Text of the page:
116

Is it possible to find all the pages and links on ANY given website? I'd like to enter a URL and produce a directory tree of all links from that site?

I've looked at HTTrack but that downloads the whole site and I simply need the directory tree.

1
  • 2
    crawlmysite.in - site not exists Oct 20 '15 at 7:40
76

Check out linkchecker—it will crawl the site (while obeying robots.txt) and generate a report. From there, you can script up a solution for creating the directory tree.

10
  • thank you so much Hank! Perfect - exactly what I needed. Very much appreciated. Sep 17 '09 at 15:08
  • 2
    A nice tool. I was using "XENU link sleuth before". Linkchecker is far more verbose.
    – Mateng
    Nov 14 '11 at 20:42
  • how do I do that myself? and what if there is no robots.txt in a web site? Jul 30 '13 at 17:15
  • 1
    @MariusKavansky How do you manually crawl a website? Or how do you build a crawler? I'm not sure I understand your question. If there is no robots.txt file, that just means you can crawl to your heart's content.
    – Hank Gay
    Jul 31 '13 at 15:14
  • 8
    hi guys, linkchecker has not worked for me when I scan the site it only returns a report of broken links. Very small report. while it does they it checked thousands of links but I can't see where those are reported. Using version 9.3 can you please help?
    – Jay
    Nov 5 '15 at 10:33
53

If you have the developer console (JavaScript) in your browser, you can type this code in:

urls = document.querySelectorAll('a'); for (url in urls) console.log(urls[url].href);

Shortened:

n=$$('a');for(u in n)console.log(n[u].href)
6
  • 1
    What about "Javascript-ed" urls?
    – Pacerier
    Feb 25 '15 at 0:56
  • Like what? What do you mean?
    – ElectroBit
    Apr 3 '15 at 20:53
  • 2
    I mean a link done using Javascript. Your solution wouldn't show it.
    – Pacerier
    Apr 6 '15 at 13:45
  • 2
    @ElectroBit I really like it, but I'm not sure what I'm looking at? What is the $$ operator? Or is that just an arbitrary function name, same as n=ABC(''a'); I'm not understanding how urls gets all the 'a' tagged elements. Can you explain? I'm assuming its not jQuery. What prototype library function are we talking?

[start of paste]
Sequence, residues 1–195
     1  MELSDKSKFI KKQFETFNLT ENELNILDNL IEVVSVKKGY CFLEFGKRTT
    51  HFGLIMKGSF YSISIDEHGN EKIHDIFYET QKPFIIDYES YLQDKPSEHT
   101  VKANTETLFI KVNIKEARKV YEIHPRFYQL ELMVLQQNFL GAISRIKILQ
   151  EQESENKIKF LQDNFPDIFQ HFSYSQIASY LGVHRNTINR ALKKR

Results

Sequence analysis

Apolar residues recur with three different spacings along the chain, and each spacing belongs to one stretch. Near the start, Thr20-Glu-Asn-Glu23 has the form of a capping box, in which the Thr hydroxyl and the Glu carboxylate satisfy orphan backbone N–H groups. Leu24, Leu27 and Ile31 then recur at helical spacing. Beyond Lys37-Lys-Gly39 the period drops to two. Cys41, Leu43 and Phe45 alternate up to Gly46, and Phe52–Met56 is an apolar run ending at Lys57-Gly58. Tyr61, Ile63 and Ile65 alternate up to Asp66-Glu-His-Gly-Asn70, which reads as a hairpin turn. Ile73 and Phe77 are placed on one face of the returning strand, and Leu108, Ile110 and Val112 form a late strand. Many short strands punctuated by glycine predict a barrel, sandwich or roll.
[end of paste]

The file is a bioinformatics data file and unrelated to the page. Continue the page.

– zipzit
    May 28 '16 at 17:32
  • 1
    @zipzit In a handful of browsers, $$() is basically shorthand for document.querySelectorAll(). More info at this link: developer.mozilla.org/en-US/docs/Web/API/Document/…
    – ElectroBit
    May 28 '16 at 17:54
4

Another alternative might be

Array.from(document.querySelectorAll("a")).map(x => x.href)

With your $$( its even shorter

Array.from($$("a")).map(x => x.href)
1
  • plus 1 - like that you are using modern JS. I ran this program, and while it returned a few links, it didn't return all of the .html pages that are on the top level. Is there a reason why all the pages don't return in the array list? Thanks
    – Chris22
    May 23 '20 at 20:47
0

If this is a programming question, then I would suggest you write your own regular expression to parse all the retrieved contents. Target tags are IMG and A for standard HTML. For JAVA,

final String openingTags = "(<a [^>]*href=['\"]?|<img[^> ]* src=['\"]?)";

this along with Pattern and Matcher classes should detect the beginning of the tags. Add LINK tag if you also want CSS.

However, it is not as easy as you may have intially thought. Many web pages are not well-formed. Extracting all the links programmatically that human being can "recognize" is really difficult if you need to take into account all the irregular expressions.

Good luck!

1
-2
function getalllinks($url) {
    $links = array();
    if ($fp = fopen($url, 'r')) {
        $content = '';
        while ($line = fread($fp, 1024)) {
            $content. = $line;
        }
    }
    $textLen = strlen($content);
    if ($textLen > 10) {
        $startPos = 0;
        $valid = true;
        while ($valid) {
            $spos = strpos($content, '<a ', $startPos);
            if ($spos < $startPos) $valid = false;
            $spos = strpos($content, 'href', $spos);
            $spos = strpos($content, '"', $spos) + 1;
            $epos = strpos($content, '"', $spos);
            $startPos = $epos;
            $link = substr($content, $spos, $epos - $spos);
            if (strpos($link, 'http://') !== false) $links[] = $link;
        }
    }
    return $links;
}

try this code....

3
  • 10
    While this answer is probably correct and useful, it is preferred if you include some explanation along with it to explain how it helps to solve the problem. This becomes especially useful in the future, if there is a change (possibly unrelated) that causes it to stop working and users need to understand how it once worked. Mar 6 '15 at 0:12
  • 2
    Eh, it's a little long.
    – ElectroBit
    May 3 '15 at 18:29
  • 1
    Completely unnecessary to parse the html in this manner in php. php.net/manual/en/class.domdocument.php PHP does have the ability to understand the DOM!
    – JamesH
    Jun 26 '15 at 12:30

Not the answer you're looking for? Browse other questions tagged or ask your own question.